Once we are satisfied with the clustering results, we found sequences to represent each of them, which we denote as cluster centers. Three methods were used in finding centers resulting three center sequences per each cluster. Later, each of these centers were evaluated based on the position in the cluster (of fixed points plots), thus keeping only the sequence that best appear to represent the cluster. If more than one best centers were found we picked the one with the longest sequence length. See Refined Cluster Centers page for more information

Description of the three methods is as follows.


Dependence of Results on Sequence Length

An extensive study of length dependency was done with previous run of this data, hence we avoided redoing it in this run as it was the same set of sequences and we expected similar results. Details of the previous analysis is available here.


Cluster Status

We classified clusters into 3 different types

Cluster Status Meaning
1 Good Clean Cluster
2 Clean Cluster but some refinement could be useful
3 Debris

Note "clustering program" puts all sequences into 1 and only 1 cluster. So sequences scattered in background are put in clusters. Thus category 3 label "clusters" which are really scattered sequences filling void between clusters.

Note some debris sequences are tails to "real" clusters.
Category 2 correspond to cases where further refinement could be useful -- especially with increased statistics.


References

  • Yang Ruan, Geoffrey House, Saliya Ekanayake, Ursel Schütte, James D. Bever, Haixu Tang, Geoffrey Fox. Integration of Clustering and Multidimensional Scaling to Determine Phylogenetic Trees as Spherical Phylograms Visualized in 3 Dimensions. Proceedings of C4Bio 2014 of IEEE/ACM CCGrid 2014, Chicago, USA, May 26-29, 2014.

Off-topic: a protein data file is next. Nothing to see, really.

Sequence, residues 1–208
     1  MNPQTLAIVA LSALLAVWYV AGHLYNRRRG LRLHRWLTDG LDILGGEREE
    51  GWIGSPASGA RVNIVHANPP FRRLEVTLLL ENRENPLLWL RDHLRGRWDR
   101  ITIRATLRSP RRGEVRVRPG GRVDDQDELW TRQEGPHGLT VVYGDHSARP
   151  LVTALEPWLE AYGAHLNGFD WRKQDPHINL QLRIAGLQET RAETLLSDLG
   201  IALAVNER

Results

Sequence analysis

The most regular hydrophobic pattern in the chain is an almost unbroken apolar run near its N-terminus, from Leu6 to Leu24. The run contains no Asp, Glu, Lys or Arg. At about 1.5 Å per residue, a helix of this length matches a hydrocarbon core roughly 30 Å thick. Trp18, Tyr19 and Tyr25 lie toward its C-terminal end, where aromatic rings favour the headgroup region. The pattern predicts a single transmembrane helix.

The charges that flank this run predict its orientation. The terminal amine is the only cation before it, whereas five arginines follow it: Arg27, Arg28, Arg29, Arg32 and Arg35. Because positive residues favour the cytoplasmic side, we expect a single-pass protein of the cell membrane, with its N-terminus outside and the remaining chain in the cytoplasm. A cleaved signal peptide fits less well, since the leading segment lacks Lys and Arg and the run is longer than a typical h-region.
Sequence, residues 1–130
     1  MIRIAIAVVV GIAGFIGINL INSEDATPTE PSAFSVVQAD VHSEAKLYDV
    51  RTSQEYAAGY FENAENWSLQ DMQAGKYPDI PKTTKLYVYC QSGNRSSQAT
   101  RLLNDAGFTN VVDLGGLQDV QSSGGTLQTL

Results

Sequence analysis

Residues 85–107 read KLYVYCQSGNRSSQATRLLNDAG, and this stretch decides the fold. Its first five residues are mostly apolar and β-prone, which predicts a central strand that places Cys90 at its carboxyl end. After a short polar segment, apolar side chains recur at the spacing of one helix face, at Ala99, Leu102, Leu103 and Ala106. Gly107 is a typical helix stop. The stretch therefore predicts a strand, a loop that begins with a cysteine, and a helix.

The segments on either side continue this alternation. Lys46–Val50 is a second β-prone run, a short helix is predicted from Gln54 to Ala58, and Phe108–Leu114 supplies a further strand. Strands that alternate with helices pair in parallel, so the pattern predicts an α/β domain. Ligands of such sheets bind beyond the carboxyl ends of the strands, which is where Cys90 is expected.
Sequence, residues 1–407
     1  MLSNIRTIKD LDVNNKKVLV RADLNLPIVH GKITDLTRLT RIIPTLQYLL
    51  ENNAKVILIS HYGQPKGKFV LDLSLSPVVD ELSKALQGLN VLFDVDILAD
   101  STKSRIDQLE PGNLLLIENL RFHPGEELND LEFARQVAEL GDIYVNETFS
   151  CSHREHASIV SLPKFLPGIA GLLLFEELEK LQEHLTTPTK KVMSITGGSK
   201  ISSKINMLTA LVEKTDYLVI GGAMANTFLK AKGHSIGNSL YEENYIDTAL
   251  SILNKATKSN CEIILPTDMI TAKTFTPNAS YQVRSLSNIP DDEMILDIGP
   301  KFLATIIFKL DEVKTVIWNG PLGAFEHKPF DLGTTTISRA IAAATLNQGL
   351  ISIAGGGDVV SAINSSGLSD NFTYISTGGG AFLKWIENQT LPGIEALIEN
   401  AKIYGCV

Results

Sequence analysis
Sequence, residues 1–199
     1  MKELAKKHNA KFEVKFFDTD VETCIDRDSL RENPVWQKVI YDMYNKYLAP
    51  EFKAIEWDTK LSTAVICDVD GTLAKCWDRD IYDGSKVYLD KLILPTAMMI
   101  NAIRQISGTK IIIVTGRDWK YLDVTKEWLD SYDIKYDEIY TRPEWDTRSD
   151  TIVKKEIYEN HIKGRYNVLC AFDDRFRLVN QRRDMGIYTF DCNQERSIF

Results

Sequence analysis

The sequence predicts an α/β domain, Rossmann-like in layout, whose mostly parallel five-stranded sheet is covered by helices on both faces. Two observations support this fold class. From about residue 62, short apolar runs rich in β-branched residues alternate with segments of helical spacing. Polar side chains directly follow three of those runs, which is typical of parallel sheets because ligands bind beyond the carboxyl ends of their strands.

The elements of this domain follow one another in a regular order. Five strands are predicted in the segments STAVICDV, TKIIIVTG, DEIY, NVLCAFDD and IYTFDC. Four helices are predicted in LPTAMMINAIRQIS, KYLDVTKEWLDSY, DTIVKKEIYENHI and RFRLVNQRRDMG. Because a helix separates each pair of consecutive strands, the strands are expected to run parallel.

• Yang Ruan, Geoffrey Fox. A Robust and Scalable Solution for Interpolative Multidimensional Scaling with Weighting. Proceedings of IEEE eScience 2013, Beijing, China, Oct. 22-Oct. 25, 2013. (Best Student Innovation Award)
  • Yang Ruan, Saliya Ekanayake, Mina Rho, Haixu Tang, Seung-Hee Bae, Judy Qiu, Geoffrey Fox. DACIDR: Deterministic Annealed Clustering with Interpolative Dimension Reduction using a Large Collection of 16S rRNA Sequences. Proceedings of ACM-BCB 2012, Orlando, Florida, ACM, Oct. 7-Oct. 10, 2012.
  • Yang Ruan, Zhenhua Guo, Yuduo Zhou, Judy Qiu, Geoffrey Fox. HyMR: a Hybrid MapReduce Workflow System. Proceedings of ECMLS’12 of ACM HPDC 2012, Delft, Netherlands, ACM, Jun. 18-Jun. 22, 2012
  • Adam Hughes, Yang Ruan, Saliya Ekanayake, Seung-Hee Bae, Qunfeng Dong, Mina Rho, Judy Qiu, Geoffrey Fox. Interpolative Multidimensional Scaling Techniques for the Identification of Clusters in Very Large Sequence Sets, BMC Bioinformatics 2012, 13(Suppl 2):S9.
  • Technologies Used


    Work supported in part by the National Science Foundation under Grant No. 0910812 to Indiana University for "FutureGrid: An Experimental, High-Performance Grid Test-bed." Partners in the FutureGrid project include U. Chicago, U. Florida, San Diego Supercomputer Center - UC San Diego, U. Southern California, U. Texas at Austin, U. Tennessee at Knoxville, U. of Virginia, Purdue I., and T-U. Dresden. Work supported in part by Microsoft Research


    This is a SALSAHPC project